"Who can understand his errors? Cleanse thou me from secret faults" (Ps. 19:12).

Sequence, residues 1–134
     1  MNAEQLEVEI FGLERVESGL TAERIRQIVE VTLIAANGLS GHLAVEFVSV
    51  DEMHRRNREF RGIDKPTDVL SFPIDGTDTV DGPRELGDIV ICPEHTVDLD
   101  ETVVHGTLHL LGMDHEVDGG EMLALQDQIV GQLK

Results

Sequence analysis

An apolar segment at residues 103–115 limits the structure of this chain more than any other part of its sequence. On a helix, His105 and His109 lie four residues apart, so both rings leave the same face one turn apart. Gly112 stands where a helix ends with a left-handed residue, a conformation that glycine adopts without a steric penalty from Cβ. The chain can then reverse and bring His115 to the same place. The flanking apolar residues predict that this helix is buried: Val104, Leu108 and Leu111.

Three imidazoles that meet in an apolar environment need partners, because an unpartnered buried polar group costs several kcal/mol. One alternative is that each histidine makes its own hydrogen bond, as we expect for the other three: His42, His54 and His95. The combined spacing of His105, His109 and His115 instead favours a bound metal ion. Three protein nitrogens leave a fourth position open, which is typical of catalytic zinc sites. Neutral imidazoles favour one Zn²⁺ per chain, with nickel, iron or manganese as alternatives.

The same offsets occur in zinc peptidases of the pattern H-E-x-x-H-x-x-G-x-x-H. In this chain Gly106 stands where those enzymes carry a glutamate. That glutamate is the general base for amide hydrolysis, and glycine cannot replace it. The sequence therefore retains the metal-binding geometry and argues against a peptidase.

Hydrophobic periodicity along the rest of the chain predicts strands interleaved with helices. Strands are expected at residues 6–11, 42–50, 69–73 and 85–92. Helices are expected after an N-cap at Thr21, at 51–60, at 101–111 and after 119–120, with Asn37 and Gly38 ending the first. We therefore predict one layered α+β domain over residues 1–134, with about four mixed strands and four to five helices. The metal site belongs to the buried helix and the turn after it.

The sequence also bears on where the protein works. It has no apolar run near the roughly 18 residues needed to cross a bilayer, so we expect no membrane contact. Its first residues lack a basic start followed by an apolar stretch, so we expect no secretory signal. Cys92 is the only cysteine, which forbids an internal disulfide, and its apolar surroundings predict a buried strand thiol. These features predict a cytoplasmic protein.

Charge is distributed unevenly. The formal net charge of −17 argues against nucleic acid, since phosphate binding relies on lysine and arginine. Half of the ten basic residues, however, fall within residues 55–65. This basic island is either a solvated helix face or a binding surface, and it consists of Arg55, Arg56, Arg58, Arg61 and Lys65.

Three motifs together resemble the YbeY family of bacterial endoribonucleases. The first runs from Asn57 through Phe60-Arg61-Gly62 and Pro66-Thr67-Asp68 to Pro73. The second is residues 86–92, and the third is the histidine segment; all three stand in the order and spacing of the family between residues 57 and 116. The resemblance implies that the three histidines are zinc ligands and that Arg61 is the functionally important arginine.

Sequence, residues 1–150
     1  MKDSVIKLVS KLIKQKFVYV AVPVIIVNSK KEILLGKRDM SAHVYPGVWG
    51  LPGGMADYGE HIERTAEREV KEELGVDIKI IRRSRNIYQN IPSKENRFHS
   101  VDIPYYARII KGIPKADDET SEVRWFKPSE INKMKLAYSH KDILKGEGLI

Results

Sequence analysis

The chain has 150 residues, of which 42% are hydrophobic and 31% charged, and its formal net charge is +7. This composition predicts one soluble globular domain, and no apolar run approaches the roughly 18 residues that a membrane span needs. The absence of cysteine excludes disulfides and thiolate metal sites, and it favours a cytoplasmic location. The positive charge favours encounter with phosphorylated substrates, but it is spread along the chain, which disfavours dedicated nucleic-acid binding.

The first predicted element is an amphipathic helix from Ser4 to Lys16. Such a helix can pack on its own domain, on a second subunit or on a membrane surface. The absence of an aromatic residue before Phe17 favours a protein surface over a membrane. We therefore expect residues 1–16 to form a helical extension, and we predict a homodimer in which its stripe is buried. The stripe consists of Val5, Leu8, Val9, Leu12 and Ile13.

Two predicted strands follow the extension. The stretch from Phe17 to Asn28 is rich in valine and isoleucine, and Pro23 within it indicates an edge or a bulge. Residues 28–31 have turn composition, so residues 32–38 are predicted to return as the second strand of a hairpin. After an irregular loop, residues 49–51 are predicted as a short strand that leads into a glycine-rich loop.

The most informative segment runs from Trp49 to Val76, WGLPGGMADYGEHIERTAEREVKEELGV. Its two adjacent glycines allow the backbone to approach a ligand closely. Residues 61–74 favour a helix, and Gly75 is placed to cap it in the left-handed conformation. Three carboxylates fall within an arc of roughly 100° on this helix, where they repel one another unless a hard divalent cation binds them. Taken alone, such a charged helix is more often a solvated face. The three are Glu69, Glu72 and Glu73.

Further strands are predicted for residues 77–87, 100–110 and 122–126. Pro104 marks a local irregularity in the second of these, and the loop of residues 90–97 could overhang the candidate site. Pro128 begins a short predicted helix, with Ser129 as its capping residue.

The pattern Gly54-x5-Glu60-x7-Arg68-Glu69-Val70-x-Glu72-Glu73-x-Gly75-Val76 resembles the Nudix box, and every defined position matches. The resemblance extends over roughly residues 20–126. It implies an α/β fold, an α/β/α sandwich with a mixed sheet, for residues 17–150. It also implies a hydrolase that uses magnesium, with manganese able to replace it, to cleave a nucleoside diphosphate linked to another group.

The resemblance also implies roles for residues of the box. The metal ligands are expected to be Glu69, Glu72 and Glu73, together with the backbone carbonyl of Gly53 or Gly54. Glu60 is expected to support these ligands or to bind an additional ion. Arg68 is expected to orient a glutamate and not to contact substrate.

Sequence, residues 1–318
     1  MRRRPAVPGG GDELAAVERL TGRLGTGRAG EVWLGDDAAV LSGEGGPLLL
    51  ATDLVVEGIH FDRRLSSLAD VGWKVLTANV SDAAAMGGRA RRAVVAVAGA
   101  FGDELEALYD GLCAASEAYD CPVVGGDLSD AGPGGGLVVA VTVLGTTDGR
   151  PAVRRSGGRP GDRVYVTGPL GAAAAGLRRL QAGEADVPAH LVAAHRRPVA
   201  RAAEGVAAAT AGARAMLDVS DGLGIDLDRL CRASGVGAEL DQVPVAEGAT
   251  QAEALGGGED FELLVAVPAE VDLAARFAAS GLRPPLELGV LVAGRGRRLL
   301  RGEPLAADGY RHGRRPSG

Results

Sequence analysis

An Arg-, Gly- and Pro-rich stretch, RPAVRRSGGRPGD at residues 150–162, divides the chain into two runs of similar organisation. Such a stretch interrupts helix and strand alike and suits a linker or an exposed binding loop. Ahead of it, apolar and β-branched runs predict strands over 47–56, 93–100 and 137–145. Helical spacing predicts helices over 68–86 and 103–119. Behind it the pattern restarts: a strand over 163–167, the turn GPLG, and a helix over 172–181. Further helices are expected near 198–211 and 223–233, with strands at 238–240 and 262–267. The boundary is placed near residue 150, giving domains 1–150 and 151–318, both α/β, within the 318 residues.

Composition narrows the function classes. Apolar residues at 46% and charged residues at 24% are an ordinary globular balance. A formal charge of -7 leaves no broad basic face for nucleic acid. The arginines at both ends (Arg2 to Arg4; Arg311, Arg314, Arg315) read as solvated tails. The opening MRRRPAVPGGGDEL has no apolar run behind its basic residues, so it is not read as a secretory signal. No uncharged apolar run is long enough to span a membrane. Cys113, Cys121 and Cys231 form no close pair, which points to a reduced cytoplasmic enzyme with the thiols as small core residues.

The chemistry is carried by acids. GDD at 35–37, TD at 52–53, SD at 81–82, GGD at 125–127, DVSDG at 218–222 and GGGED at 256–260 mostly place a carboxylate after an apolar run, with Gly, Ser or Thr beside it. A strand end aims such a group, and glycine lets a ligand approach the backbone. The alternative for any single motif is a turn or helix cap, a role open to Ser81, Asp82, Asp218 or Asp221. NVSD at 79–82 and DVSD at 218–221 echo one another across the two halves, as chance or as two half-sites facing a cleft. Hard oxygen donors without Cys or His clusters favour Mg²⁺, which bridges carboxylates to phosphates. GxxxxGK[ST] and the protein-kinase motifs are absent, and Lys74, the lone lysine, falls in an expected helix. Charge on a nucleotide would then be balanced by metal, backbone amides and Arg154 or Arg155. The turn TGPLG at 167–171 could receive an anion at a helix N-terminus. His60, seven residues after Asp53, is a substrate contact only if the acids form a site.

Now reflect upon the actual disclosures of our hidden weakness, which accidents occasion. Peter followed Christ boldly, and suspected not his own heart, till it betrayed him in the hour of temptation, and led him to deny his Lord. David lived years of happy obedience while he was in private life. What calm, clear-sighted faith is manifested in his answer to Saul about Goliath:--"The Lord that delivered me out of the paw of the lion, and out of the paw of the bear, He will deliver me out of the hand of this Philistine." Nay not only in retired life, in severe trial, under ill usage from Saul, he continued faithful to his God; years and years did he go on, fortifying his heart, and learning the fear of the Lord; yet power and wealth weakened his faith, and for a season overcame him. There was a time when a prophet could retort upon him, "Thou art the man"' whom thou condemnest. He had kept his principles in words, but lost them in his heart. Hezekiah is another instance of a religious man bearing trouble well, but for a season falling back under the temptation of prosperity; and that, after extraordinary mercies had been vouchsafed to him.' And if these things be so in the case of the favored saints of God, what (may we suppose) is our own real spiritual state in His sight? It is a serious thought. The warning to be deduced from it is this:--Never to think we have a due knowledge of ourselves till we have been exposed to various kinds of temptations, and tried on every side. Integrity on one side of our character is no voucher for integrity on another. We cannot tell how we should act if brought under temptations different from those which we have hitherto experienced. This thought should keep us humble. We are sinners, but we do not know how great. He alone knows who died for our sins.